Your points are respectable, but I must agree with some of the criticism here that it is disturbingly presumptuous of you to purport to represent the wishes and thoughts of all Africans in all situations. Do the people lined up outside MSF hospitals in conflict regions where no other public healthcare exists really want them to go home? Is immediate care to alleviate suffering and death that would otherwise go unabated something you really feel comfortable refusing on behalf of your fellow Africans? Is MSF’s mandate to provide emergency care and support the take over of their missions by a national healthcare apparatus as soon as it is possible, and likely to be successful, purely a guilt-ridden crusade of ‘the white man’s burden’? Or is it, in fact, a respect for the value of human life no matter where it is being tortured, dismembered, diseased, shot, burned and left for dead?

You refer to ‘your people’… I can’t help but wonder from what lofty diaspora tower, so removed from the realities on the ground, you speak from with so much arrogance. It’s almost colonial.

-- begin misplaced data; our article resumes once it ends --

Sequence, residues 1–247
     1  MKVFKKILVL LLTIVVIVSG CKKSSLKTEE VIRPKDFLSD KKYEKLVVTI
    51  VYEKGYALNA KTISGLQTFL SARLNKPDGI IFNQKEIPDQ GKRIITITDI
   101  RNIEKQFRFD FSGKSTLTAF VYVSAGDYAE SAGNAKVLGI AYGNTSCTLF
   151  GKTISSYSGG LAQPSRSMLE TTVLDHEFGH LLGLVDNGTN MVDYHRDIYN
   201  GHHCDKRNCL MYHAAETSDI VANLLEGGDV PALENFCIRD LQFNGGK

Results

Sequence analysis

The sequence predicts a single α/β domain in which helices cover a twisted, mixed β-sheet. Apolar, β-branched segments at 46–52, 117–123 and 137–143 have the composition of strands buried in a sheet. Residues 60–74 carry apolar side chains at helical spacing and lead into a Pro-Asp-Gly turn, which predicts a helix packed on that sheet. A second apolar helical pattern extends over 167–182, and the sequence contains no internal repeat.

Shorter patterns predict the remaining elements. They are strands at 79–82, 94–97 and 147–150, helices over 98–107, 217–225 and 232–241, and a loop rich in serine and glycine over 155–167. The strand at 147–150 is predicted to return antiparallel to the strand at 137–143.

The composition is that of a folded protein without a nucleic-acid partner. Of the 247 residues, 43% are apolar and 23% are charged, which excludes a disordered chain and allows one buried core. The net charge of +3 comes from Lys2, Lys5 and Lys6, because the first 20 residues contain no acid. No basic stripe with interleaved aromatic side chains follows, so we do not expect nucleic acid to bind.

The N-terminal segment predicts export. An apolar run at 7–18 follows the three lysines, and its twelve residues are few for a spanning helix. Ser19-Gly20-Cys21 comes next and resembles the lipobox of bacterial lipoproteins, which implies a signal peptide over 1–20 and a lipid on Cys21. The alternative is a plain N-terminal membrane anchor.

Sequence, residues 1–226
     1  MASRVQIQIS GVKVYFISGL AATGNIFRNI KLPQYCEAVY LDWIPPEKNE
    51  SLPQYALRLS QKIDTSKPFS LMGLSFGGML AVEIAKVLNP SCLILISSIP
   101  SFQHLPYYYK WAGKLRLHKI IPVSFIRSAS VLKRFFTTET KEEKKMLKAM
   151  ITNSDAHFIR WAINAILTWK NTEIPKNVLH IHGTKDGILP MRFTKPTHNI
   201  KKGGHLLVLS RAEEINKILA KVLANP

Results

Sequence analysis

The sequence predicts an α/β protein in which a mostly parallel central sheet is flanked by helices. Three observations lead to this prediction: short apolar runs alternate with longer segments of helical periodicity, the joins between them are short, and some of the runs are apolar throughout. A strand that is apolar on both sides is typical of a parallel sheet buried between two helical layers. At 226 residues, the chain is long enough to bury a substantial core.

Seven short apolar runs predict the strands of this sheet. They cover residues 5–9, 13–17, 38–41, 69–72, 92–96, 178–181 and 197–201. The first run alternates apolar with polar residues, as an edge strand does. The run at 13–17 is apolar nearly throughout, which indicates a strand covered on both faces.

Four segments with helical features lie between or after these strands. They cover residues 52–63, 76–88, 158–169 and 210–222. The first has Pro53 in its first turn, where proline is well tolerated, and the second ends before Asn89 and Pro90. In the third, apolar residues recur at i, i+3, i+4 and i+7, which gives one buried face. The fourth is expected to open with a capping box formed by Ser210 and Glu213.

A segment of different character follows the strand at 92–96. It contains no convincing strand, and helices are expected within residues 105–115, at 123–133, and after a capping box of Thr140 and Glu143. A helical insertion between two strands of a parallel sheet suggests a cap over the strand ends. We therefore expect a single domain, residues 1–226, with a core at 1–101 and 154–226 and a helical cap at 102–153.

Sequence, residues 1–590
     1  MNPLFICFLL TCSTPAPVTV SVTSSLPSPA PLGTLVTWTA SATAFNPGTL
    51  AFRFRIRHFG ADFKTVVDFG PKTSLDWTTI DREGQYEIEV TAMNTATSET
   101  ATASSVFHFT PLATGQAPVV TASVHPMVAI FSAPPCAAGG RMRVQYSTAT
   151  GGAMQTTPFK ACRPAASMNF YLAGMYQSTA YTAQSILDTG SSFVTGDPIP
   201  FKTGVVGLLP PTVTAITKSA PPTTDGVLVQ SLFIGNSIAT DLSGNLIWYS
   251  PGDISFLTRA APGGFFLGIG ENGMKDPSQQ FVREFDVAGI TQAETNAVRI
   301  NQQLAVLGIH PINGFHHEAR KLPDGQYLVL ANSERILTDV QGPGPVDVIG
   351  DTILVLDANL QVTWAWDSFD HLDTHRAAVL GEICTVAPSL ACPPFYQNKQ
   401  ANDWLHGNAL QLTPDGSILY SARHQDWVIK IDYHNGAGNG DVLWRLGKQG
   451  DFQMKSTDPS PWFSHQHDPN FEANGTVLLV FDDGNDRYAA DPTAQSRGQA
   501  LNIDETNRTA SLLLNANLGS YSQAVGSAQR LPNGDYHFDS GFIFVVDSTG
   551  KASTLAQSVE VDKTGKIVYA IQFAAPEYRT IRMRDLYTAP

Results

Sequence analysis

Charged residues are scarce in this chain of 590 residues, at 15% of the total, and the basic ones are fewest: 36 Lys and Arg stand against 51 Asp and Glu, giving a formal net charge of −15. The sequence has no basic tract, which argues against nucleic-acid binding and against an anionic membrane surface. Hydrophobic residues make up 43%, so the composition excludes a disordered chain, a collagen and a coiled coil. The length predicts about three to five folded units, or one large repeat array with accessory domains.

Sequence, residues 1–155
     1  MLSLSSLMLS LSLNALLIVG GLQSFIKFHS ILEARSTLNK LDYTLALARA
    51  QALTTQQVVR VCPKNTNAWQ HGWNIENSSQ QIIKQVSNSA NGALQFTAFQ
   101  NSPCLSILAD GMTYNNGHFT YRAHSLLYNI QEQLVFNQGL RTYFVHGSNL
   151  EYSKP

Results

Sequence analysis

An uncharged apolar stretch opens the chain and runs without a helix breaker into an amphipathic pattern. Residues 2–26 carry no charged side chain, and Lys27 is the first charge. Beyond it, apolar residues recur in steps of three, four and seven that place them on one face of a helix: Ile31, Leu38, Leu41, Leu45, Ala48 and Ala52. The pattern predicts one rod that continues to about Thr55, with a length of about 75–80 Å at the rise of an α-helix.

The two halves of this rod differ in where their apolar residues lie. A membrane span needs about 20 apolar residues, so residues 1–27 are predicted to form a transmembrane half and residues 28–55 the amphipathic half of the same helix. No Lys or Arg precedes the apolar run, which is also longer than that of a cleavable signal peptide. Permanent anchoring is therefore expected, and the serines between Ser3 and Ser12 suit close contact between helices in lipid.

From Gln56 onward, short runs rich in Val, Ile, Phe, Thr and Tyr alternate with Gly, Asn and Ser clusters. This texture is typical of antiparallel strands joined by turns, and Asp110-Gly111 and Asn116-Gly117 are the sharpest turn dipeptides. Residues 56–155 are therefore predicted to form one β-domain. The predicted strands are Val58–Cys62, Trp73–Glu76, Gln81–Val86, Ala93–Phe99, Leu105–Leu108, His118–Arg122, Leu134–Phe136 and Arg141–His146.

Kony2012 is the most evil, for-profit, trust-draining effort that the ‘do-gooders’ of the world have ever had devalue the work that we do (with the possible exception of Western spy agencies and militaries using fake humanitarian identities and vehicles as a cover, it gets us killed). It is maddening, has driven some I know to tears and will have a terrible fallout as far as fundraising. I would suggest you limit your commentary to International Children Inc. and the specific disservice they are doing to us all, Africans and those of us you say are paving the road to hell, before you yourself put forth views as factually inaccurate as theirs.

Give your head a shake.


TMS Ruge March 11, 2012 at 2:50 pm

“You refer to ‘your people’… I can’t help but wonder from what lofty diaspora tower, so removed from the realities on the ground, you speak from with so much arrogance. It’s almost colonial.”

Hi there, may I point you to: | |

I am very much on the ground. I am what you call a Diaspora/Reaspora. In some circles, I am what’s called a transnational. I am as connected to reality on the ground as I am to the general disconnect of Westerners to those realities. Thanks for your comment though.